Notable acupuncture points which strongly release heat reside on the Large Intestine (LI) meridian. A meridian is a set route which healing energy, or Qi, distributes itself throughout the body. LI4, located on the hand, and LI11, found at the elbow, make excellent choices for treating cellulitis. This is because the healing properties of these points include the reduction of pain and reduce the chances of the infection spreading further into the skin layers.
Other heat symptoms may resolve as well when points on the LI channel receive needles. Fever, nausea, rapid pulse and vomiting may resolve. Additionally, on the emotional level, anxiety and stress over the condition may lessen. It should hearten a patient, and their loved ones, to know the skin condition is not contagious. It should also be a comfort to patients to be aware that acupuncture needles never enter into the skin where the pathology is. Only healthy areas of skin are options for needle insertion.
In order to stave off the possibility of cellulitis, it’s crucial to remain vigilant about hygiene, keep up a healthy immune system and immediately apply first aid to any wounds. If you discover an insect bite or minor abrasion/burn on your skin, check out your kitchen for some natural remedies.
Chamomile tea is known for its antimicrobial properties, and can soothe irritated skin. Used at room temperature, this tea makes an excellent wash for minor skin injuries. Avoiding spicy and greasy foods during an episode of cellulitis will help the organs and blood remain cool. Mint tea is a wonderful way finish a meal, as it can draw excess heat from the digestive system. Topping the list as the coolest foods are cucumbers and watermelon.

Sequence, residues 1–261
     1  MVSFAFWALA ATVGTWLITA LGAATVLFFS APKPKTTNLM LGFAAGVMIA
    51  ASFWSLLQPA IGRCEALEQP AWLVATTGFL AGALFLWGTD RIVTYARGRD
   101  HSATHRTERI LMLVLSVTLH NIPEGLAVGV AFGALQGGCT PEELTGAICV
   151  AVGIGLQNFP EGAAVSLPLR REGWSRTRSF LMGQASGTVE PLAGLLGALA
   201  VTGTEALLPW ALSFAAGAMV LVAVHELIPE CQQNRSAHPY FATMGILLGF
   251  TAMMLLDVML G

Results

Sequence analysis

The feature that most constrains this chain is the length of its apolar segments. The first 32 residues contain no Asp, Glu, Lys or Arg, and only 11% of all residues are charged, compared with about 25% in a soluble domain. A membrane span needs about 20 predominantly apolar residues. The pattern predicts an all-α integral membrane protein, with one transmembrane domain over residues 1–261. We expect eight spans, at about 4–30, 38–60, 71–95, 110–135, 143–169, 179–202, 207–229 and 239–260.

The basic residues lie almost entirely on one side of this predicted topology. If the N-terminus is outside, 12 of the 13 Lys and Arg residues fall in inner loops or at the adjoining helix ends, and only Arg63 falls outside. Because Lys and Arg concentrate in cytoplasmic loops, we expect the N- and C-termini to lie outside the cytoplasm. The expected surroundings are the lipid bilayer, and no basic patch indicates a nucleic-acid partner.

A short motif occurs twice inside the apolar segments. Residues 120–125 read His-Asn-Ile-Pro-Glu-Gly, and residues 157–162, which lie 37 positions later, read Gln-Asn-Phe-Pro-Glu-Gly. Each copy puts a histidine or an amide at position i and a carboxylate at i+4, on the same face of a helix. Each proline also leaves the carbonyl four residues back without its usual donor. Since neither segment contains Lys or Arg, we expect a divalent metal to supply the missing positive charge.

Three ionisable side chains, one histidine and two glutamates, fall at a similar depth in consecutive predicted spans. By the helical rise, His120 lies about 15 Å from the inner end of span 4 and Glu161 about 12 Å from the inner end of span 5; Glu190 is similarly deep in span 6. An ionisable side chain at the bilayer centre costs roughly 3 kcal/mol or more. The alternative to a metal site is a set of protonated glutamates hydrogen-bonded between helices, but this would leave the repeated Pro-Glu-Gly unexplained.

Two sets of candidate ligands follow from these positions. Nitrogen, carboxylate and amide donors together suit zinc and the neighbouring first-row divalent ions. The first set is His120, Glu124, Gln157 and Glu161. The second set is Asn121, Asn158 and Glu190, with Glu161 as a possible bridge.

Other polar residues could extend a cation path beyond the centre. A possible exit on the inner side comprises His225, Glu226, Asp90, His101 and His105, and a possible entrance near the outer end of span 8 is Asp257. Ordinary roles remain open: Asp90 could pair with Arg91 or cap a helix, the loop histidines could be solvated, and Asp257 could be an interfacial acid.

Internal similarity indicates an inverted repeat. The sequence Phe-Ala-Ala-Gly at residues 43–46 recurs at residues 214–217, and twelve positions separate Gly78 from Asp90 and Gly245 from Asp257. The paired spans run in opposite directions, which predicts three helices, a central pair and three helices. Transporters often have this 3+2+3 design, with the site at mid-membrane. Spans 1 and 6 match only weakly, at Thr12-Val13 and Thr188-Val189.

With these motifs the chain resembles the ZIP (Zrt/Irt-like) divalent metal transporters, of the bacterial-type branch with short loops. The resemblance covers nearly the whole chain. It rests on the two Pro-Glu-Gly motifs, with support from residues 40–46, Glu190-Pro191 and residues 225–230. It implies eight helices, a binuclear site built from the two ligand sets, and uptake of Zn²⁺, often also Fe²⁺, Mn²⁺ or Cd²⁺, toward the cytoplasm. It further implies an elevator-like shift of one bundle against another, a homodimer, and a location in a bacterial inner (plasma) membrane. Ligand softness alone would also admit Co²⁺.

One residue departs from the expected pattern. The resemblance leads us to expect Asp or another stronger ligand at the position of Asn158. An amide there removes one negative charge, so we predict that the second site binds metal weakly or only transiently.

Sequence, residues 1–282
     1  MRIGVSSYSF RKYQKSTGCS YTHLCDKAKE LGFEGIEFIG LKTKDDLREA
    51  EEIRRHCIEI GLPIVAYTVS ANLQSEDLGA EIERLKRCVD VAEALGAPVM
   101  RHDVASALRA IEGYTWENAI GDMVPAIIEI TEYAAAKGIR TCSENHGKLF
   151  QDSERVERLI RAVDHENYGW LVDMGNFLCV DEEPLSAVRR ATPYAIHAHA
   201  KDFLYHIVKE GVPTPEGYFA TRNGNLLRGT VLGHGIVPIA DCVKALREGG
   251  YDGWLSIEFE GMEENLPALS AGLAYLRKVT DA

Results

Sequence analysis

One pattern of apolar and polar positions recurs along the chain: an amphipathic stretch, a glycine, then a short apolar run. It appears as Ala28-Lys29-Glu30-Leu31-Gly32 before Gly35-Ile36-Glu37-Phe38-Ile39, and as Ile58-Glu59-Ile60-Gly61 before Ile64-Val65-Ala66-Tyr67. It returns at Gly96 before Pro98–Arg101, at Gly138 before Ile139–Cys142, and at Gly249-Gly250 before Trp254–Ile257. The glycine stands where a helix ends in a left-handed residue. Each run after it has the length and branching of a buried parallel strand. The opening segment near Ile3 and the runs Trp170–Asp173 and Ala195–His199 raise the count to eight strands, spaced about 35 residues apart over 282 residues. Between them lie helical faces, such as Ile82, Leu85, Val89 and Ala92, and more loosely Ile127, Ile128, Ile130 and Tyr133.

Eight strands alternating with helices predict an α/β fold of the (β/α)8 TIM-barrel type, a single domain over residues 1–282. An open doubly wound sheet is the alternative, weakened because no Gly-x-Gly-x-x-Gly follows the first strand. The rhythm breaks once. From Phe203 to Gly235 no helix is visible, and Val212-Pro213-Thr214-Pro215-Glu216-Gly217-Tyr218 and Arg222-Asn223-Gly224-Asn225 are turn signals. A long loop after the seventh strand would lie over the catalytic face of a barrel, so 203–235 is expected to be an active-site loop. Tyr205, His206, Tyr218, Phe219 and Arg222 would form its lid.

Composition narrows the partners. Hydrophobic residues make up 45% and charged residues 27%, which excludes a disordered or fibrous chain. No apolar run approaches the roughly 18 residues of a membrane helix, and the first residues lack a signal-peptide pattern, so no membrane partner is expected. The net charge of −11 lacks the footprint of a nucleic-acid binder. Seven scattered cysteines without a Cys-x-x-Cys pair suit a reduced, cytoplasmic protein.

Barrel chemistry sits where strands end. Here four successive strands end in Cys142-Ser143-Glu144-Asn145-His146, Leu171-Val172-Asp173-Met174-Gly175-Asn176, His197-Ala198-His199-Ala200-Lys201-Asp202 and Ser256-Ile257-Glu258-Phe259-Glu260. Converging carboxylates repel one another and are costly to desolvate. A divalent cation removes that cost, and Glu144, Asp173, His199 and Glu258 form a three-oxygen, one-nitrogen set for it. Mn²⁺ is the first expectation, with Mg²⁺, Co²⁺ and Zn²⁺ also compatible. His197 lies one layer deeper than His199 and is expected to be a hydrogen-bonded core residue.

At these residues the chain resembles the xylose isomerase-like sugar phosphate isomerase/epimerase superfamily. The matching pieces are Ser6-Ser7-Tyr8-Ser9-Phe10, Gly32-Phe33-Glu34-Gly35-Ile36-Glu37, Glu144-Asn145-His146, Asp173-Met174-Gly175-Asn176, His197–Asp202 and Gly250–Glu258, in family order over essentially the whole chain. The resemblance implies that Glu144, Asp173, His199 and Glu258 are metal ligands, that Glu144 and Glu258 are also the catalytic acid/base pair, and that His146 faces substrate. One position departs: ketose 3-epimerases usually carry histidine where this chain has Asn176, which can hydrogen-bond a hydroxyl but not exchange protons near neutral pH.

When suffering from acute cellulitis, there is the possibility of contracting MRSA, a strain of bacteria resistant to antibiotics. Treatment may require surgical intervention to remove the raw, badly-infected skin. Post-surgical acupuncture treatments must go beyond removing heat, and perform the function of eliminating fire toxins.
Applying acupuncture to the fire point of a channel helps release the energy producing signs of extreme heat. For example, the fire point on the Stomach meridian, located near the toes, is an apt choice, especially if surgery occurred on the legs. Utilizing ST44 enables the immune system to function in a more organized, intelligent capacity to assist in recovery for the cellulitis patient.
For more information on treatments for cellulitis, contact a practitioner of acupuncture and Oriental medicine near you.
About the Author: Vanessa Vogel Batt, L.Ac., MSTOM, studied at the Pacific College of Oriental Medicine, and practiced acupuncture and Oriental medicine in New York for several years. Vanessa enjoys traveling the world, and has published articles on acupuncture and Oriental medicine and related health topics for websites and publications in both the U.S. and abroad.